Did you do any research on your part in terms of how detectives are trained to work cases like this?
We did. Jenny Craig, who’s been our police advisor from season 1, has done a lot of work in this area, as it happens. So she actually has been an absolutely invaluable resource in talking through the mechanics of what one does as a police officer in that situation. But also, how that makes you feel and how you emotionally engage or not engage with the circumstances and how you keep yourself detached enough to be objective while at the same time being compassionate and behaving appropriately. And all that stuff is fascinating. Those officers and some of the people who work in the sexual health centers do the most extraordinary work with people in these awful moments in their lives.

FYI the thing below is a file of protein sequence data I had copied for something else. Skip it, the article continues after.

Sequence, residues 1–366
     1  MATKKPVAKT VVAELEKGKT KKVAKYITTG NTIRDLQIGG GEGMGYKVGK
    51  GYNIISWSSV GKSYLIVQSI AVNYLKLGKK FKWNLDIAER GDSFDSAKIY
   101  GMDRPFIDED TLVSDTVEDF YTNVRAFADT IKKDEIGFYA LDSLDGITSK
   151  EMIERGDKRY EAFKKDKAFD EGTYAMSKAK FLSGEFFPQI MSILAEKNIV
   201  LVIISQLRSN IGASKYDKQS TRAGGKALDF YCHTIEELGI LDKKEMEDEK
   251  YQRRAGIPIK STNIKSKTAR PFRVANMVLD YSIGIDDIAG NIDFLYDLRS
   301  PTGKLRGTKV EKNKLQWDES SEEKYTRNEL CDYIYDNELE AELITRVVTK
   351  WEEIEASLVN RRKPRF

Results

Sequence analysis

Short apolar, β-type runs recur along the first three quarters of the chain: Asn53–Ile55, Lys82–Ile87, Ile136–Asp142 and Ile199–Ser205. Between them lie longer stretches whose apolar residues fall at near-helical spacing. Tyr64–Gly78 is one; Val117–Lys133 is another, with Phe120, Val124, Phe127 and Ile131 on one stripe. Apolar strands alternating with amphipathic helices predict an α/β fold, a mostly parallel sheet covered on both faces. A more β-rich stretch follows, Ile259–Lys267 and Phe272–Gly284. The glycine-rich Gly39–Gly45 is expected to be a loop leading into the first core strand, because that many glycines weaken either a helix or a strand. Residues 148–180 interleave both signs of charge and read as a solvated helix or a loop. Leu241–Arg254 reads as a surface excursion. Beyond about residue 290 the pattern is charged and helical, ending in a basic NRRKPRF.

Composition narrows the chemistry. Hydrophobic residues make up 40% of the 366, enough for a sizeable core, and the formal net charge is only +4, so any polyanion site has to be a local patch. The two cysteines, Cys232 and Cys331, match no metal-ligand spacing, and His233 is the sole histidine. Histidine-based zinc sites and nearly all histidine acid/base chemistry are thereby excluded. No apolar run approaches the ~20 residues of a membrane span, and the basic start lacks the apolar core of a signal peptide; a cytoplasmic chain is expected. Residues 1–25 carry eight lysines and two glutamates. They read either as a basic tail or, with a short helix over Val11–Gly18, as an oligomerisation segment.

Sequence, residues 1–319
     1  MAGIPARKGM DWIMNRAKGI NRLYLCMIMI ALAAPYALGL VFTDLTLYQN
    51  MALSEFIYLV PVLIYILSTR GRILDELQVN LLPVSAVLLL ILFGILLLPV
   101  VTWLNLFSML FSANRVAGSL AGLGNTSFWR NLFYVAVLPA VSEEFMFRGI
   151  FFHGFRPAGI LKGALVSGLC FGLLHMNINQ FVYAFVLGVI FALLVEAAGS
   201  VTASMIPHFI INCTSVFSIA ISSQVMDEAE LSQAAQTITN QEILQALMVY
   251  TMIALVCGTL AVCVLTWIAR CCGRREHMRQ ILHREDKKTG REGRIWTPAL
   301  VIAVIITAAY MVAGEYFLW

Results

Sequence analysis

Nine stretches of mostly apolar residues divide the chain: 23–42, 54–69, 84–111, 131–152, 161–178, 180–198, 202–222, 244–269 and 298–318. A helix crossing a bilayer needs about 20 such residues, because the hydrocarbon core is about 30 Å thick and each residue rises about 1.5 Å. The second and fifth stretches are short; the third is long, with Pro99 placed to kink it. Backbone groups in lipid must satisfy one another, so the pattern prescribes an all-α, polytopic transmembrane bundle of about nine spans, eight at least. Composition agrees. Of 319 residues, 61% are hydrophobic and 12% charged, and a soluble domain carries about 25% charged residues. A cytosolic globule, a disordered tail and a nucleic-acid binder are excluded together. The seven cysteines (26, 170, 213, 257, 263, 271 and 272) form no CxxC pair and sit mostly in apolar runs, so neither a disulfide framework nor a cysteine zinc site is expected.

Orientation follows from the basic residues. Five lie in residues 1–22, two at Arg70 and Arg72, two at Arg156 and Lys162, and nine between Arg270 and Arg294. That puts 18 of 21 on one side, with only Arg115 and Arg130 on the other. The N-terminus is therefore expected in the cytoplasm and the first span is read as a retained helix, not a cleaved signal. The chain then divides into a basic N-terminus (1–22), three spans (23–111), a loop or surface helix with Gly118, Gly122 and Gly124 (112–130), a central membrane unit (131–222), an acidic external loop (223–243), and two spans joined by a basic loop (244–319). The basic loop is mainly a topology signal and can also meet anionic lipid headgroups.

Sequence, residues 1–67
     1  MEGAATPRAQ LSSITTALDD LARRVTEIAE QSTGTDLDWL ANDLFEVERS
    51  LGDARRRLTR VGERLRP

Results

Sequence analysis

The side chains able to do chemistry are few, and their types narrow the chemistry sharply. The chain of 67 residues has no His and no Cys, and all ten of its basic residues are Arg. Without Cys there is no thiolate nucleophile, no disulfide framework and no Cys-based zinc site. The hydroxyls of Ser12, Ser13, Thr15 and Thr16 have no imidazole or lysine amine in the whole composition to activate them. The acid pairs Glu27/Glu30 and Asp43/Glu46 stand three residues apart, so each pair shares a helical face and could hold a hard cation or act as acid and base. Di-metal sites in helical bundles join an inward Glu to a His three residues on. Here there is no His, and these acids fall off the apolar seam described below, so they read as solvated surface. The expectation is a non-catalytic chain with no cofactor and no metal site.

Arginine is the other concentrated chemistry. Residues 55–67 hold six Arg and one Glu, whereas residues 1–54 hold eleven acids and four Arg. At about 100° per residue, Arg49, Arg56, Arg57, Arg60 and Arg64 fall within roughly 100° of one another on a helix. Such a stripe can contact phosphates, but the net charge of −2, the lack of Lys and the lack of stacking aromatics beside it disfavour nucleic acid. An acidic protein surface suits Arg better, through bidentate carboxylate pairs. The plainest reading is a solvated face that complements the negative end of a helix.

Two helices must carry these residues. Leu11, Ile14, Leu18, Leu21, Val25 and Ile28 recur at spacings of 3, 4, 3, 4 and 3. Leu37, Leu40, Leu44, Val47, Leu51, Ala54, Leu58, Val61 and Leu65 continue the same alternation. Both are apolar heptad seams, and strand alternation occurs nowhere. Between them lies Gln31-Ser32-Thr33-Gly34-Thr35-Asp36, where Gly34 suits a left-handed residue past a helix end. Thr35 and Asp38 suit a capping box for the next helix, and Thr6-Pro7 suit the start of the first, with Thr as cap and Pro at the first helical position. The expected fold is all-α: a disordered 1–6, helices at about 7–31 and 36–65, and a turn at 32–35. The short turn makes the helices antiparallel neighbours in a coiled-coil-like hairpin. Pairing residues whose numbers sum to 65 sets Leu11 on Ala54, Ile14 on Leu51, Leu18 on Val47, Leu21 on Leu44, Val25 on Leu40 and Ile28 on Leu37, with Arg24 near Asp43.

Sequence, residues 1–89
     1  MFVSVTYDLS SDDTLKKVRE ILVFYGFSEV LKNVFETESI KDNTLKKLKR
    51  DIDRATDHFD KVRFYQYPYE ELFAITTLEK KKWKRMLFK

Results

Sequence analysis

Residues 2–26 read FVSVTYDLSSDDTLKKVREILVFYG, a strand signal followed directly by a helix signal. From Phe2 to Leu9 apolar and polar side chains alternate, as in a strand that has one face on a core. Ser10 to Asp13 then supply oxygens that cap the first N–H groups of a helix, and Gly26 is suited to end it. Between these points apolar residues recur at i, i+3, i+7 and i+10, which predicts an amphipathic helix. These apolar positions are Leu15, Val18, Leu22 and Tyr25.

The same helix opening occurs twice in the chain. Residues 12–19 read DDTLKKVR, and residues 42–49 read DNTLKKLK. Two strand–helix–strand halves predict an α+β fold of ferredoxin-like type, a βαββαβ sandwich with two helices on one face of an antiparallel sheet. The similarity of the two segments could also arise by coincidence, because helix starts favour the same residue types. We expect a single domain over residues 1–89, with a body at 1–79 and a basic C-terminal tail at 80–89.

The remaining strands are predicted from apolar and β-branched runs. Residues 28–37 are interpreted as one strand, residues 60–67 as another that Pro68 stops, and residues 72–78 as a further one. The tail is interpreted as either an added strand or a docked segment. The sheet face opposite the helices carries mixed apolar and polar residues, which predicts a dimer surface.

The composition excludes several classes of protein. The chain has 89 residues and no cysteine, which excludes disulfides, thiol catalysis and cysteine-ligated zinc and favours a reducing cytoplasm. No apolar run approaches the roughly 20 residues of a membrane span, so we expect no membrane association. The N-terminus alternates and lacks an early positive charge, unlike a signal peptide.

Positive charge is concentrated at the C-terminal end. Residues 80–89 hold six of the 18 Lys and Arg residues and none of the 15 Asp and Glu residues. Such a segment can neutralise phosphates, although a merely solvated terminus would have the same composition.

To be honest, that’s been my experience throughout working on Broadchurch from initially meeting the murder detectives that I spent time with on season 1. There’s this incredible compassion, motivation, and real hunger for justice that the police have. It’s made me feel proud of the people who do that job and slightly in awe of them. That was certainly the case this season, working with a slightly different aspect of police work and the services that exist around that. That first segment of episode 1 [which takes viewers through the steps and procedures that follow after reporting a rape] is unlike anything I’ve ever seen on television. To really go through that experience with Trish’s character is quite hard to watch at times, but it’s also wonderfully delicate. To really read through those terrible moments as Trish tries to come to terms with what’s happened to her and to see people around her trying to help her and come to terms with that is an extraordinarily bold way to open a series. It’s quite powerful.

Broadchurch premieres Wednesday at 10 p.m. ET on BBC America.